From the beginning, there was little doubt that one of the Affordable Care Act's most important provisions would end up in the Supreme Court. That section of the law, known as the "minimum coverage provision," or "individual mandate," would require most American citizens and legal residents to purchase a minimum level of health insurance coverage from a private insurer or pay a tax penalty.
We are very pleased with today's Supreme Court ruling. After months of uncertainty, Coloradans now have the security of knowing they will have access to quality, affordable health care.
Prior to the passage of the Affordable Care Act, there was a staggering gap between Americans who had access to affordable health care and those who did not. The act's reforms are bridging that gap and will help to secure health care coverage for all Americans.
A recent poll shows that a slim majority of Americans oppose the Affordable Care Act in general, but other surveys show that support grows dramatically when people learn about specific provisions of the law.
Opinions may not change overnight, but the fact is, more and more seniors are benefiting from the law. Figures released today show that thousands of seniors and disabled Americans are improving their health thanks to expanded preventive care services and saving money on prescription drug prices because of a shrinking "donut hole."
Consumers and businesses nationwide will receive an estimated $1.3 billion in rebates in August from health insurance companies that spent more on administration, overhead and profits than allowed under the Affordable Care Act, according to the Kaiser Family Foundation.
In Colorado, individuals and businesses will receive almost $26 million. Insurance companies will send rebates to 511,684 enrollees, for an average of $54.58 for each enrollee in the individual market, $82.62 in the small-group market and $47.84 in the large-group market.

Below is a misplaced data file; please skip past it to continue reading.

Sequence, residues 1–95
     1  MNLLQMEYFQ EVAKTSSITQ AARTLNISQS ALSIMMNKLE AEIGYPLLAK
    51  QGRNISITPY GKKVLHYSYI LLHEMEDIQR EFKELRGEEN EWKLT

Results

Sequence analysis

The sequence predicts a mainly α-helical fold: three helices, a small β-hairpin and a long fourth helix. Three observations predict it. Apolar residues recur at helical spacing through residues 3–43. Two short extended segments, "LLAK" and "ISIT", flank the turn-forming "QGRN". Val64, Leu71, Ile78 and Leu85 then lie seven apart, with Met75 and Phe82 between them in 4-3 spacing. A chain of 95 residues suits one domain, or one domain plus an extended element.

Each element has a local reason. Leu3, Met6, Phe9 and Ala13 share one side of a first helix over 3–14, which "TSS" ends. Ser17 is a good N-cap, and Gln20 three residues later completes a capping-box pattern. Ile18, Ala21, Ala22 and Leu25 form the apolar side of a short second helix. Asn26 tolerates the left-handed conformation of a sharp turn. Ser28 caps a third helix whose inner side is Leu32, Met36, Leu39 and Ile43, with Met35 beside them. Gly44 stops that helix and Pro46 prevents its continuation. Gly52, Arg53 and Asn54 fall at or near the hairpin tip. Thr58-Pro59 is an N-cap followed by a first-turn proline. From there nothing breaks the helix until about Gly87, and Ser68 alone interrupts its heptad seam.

Recently, two Colorado congressmen wrote newspaper columns with nearly identical talking points that raised alarms about the future of Medicare and attacked a provision in the Affordable Care Act designed to reduce costs.
Rep. Scott Tipton, in an April 2 My Side commentary in the Post Independent, "How I'm fighting for seniors in Washington," touted a "bold" budget plan approved by House Republicans as the blueprint for preserving "Medicare and other critical safety nets for seniors."
A report issued Tuesday by healthcare advocacy group Families USA illustrates how the Ryan budget, passed recently in the U.S. House on a mostly partisan vote, could cost Colorado up to $36 billion over the next decade.
According to the report, Colorado would bleed billions in Medicaid, Medicare and other federal healthcare spending over the next ten years if the budget were adopted.
The prospect of the U.S. Supreme Court throwing out the new health care law after it hears the case this month has Colorado Republicans planning alternatives - and Democrats keeping silent.
The stakes are high: Without the Patient Protection and Affordable Care Act, or any other major changes in health care, the average annual family health premium could hit $22,000 in the next seven years, according to an economic study called "The Future of Colorado Health Care."